Sprague had long been my favorite player, having spent most of his career at that point with my second favorite team – the Toronto Blue Jays.  Sprague had a great season for the Pirates, earning a place on the National League All-Star team, and hitting .267/.352/.465 with 22 home runs. His OPS of .817 was the second highest of his career (for seasons in which he played full-time). While Sprague was with the Pirates, I couldn’t miss a game. I even had a chance to see him hit a home run in person. The Pirates had a fairly decent team in 1999 (finishing 78-83) and, if not for injuries, may have broken up that streak of consecutive losing seasons from 1993 to 2012. I had equally enjoyed the Pirates’ 2003 team.

Sprague signing with the Pirates had demonstrated to me that free agency could help a team (whereas in the early 90s the Pirates had been hurt frequently by free agency). Each season after Sprague’s tenure with the Buccos, I started closely watching the Pirates’ moves in free agency. Of course, as with many other fans, as a teenager I began to wonder how I might perform as a general manager – especially during free agency.

That curiosity started a tradition of mine. Each season, I tried to find a list of the players unsigned to a Major League Baseball team on opening day and construct a team from those players. My goal was to make the team as competitive as possible and use players with some MLB experience (with a few exceptions, as the KBO is going to lend me a hand this time). I also got into the habit of imagining this team as an expansion team without the benefit of an expansion draft. Obviously, there is a need to suspend reality to make this work and to just enjoy the entertainment value of imaging how this team would look. Before I go on, let me say Mark McGwire hates this idea.

Several years ago, I would post the rosters I created onto Facebook. I eventually got out of the habit of posting my “free agent team” online. However, yesterday I had nothing better to think about while landscaping for most of the day. I sat down last evening and starting doing some research. After a few hours, I pieced together a roster along with some statistical projections. I have always enjoyed the numbers associated with baseball. I decided that this blog would work well enough as an outlet for the finished product.

 

Anchoragepicpd
Anchorage, Alaska: the fictional ConocoPhillips Field would be located to the right in this picture.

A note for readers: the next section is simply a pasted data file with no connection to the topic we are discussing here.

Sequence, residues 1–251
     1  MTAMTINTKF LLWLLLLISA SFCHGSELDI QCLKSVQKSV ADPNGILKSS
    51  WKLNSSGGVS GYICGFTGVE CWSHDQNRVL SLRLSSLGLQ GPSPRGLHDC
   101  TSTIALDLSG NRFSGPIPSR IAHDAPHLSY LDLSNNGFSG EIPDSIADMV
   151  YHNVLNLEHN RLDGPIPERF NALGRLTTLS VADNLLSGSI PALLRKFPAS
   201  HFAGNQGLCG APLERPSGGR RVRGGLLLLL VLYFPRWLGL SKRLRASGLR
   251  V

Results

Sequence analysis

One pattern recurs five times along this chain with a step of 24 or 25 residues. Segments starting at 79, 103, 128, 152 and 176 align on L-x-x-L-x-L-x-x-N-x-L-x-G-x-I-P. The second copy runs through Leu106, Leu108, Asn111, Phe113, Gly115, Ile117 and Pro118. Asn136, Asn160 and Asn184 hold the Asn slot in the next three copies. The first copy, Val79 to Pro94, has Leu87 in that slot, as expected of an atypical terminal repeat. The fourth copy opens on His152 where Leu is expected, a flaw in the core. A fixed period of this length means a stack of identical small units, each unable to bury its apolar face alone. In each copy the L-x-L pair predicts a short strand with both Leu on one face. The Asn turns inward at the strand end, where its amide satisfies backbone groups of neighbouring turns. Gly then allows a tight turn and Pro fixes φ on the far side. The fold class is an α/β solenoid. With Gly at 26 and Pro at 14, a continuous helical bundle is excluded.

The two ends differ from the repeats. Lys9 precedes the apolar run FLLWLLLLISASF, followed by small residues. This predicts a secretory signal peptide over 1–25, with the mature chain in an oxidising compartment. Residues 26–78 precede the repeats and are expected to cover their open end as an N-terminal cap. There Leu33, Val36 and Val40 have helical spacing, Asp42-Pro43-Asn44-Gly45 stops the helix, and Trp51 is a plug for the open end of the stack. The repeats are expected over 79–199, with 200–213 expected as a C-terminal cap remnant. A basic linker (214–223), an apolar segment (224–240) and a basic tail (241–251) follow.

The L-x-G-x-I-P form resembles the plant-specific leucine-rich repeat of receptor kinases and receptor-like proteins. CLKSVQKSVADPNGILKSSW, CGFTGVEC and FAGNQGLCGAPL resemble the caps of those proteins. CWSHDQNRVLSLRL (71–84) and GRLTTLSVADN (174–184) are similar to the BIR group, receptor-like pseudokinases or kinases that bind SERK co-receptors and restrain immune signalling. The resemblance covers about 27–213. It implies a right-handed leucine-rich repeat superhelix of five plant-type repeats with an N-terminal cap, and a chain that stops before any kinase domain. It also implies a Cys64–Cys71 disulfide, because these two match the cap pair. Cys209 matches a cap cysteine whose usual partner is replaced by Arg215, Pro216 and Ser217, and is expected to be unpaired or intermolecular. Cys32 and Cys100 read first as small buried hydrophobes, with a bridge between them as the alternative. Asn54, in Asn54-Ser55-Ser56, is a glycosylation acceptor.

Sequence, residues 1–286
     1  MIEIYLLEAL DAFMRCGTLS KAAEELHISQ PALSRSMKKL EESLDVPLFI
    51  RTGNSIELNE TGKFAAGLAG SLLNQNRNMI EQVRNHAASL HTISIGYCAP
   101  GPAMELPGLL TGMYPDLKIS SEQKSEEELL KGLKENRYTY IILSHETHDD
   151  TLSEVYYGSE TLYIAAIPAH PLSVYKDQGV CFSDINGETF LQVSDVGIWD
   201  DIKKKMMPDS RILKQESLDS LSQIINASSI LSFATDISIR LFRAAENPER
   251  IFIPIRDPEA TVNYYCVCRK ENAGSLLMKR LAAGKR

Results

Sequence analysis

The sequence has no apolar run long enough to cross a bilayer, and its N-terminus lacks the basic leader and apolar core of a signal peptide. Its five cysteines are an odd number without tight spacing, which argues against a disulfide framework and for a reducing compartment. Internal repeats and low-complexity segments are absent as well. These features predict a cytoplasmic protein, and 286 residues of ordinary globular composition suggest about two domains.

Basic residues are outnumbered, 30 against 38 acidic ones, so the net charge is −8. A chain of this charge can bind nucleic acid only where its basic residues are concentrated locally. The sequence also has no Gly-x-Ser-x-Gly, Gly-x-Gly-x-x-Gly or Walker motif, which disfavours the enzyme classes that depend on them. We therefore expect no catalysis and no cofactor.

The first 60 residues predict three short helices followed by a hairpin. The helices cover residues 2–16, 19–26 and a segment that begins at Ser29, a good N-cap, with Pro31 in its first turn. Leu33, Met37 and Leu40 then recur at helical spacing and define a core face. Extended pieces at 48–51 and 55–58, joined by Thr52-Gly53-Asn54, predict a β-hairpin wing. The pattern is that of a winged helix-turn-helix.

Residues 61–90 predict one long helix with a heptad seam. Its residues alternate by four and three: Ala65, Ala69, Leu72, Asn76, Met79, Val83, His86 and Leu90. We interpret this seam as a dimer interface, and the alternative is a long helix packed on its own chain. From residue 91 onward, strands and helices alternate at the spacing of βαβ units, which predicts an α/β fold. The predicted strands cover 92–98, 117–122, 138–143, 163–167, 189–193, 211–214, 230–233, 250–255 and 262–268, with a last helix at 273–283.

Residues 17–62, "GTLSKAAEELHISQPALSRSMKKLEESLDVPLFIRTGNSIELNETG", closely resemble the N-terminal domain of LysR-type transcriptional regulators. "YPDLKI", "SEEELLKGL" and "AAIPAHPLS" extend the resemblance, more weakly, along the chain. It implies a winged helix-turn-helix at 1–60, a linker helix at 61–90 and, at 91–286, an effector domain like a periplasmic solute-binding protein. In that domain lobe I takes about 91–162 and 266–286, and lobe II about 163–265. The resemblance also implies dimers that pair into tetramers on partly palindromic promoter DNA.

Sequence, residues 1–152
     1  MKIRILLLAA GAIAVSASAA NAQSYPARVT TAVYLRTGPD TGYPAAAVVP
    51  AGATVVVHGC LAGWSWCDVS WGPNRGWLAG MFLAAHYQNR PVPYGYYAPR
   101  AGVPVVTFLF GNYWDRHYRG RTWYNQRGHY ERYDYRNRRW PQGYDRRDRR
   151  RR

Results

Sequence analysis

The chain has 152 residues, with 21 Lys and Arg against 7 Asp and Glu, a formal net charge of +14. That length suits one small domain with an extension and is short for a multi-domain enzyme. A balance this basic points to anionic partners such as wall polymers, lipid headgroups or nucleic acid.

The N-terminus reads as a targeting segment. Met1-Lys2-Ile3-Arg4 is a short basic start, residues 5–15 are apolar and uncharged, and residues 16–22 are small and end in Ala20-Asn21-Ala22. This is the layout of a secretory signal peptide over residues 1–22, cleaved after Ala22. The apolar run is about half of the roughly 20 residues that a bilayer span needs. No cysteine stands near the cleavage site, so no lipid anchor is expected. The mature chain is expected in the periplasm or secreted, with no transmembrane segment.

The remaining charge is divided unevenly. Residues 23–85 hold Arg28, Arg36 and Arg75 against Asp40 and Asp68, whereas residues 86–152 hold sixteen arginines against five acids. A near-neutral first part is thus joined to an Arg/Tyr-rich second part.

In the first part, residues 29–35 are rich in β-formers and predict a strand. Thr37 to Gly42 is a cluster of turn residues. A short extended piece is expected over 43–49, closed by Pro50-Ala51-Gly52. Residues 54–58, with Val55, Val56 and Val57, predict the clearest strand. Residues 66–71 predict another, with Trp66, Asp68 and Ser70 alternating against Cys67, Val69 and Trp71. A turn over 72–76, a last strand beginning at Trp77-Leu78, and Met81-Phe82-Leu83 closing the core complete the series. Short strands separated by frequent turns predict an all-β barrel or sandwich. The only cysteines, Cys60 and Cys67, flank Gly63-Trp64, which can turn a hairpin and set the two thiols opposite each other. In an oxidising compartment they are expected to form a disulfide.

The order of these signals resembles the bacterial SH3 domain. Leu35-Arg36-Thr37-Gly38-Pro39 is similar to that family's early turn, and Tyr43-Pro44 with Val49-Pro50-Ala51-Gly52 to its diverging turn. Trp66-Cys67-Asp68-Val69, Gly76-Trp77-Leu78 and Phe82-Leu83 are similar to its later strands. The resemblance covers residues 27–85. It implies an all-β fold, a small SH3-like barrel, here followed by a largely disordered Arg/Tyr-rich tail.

I’m calling the team the Alaska Railroaders. The team would play in Anchorage, which has a long railroading history. I am fully aware that Anchorage, with a metropolitan area of less than 500,000 people, could not support a MLB team. However, when I was a kid I was obsessed with Alaska, so that part of this entire scenario was nonnegotiable. The Railroaders would play at the fictional ConocoPhillips Field, which would be built in Bootleggers Cove. Visible through an opening in the grandstand behind center field would be the Knik Arm of Cook Inlet and downtown. A locomotive’s whistle would announce the hitting of a home run by the Railroaders. I imagine the team playing in the National League West division (for the purposes of constructing a roster, I am electing to have the team placed in the NL) and wearing white and gold uniforms with blue and black trim. This would allow the team to generally share the livery of the Alaska Railroad. I also assembled my roster as if the team would start play with the current 2016 season. Before I go on, I should share that I have three short stories involving baseball: The Shepherds and Game 7, Any Pitch is its Hit, and Devil on the Diamond. Each of these stories intertwine baseball and the supernatural. I have also used the “Alaska Railroaders” as a fictional independent league team in a few of my works. 

Three subsequent posts will break the Alaska Railroaders’ roster into pieces: infielders, outfielders, and pitchers. I’m not claiming this team would win the pennant. That said, I would hope to field a team that  could best the 2003 Detroit Tigers in a series. 

I will share the Alaska Railroaders first signing in this post, as he is a player that will see time in the infield and outfield. The Railroaders’ first official player would be Garrett Jones. Jones was most recently with the New York Yankees in 2015, but is probably best remembered for his time with the Pittsburgh Pirates from 2009 to 2013. 

Jones is not technically a free agent, as he signed a contract with the Yomiuri Giants of Japan’s Nippon Professional Baseball in December of 2015. However, for the sake of constructing this roster, we will deem Jones available since he would have most likely preferred to sign with a Major League Baseball club. Jones would serve as the Railroaders’ primary first baseman, although he would likely sit occasionally against left-handed pitching. Against right-handed pitching, Jones has a career slash of .265/.330/.473. Although Jones struggled in 2015 while seeing limited at bats with the New York Yankees, the 34-year-old (at the start of the season) could easily see over 600 plate appearances with the larger role of a first base platoon and the occasional start in right field. Jones also brings some home run power to the roster. He averaged over 19 home runs per season between 2009 and 2014. As far as a projection is concerned, I see Jones embracing this opportunity to the tune of .256/.324/.442 with 22 home runs and an OPS of .766 in 543 at bats. For the record, Jones is presently hitting .247/.331/.463 with 13 home runs across 231 at bats in Japan (as of July 21).

Up next: the other infielders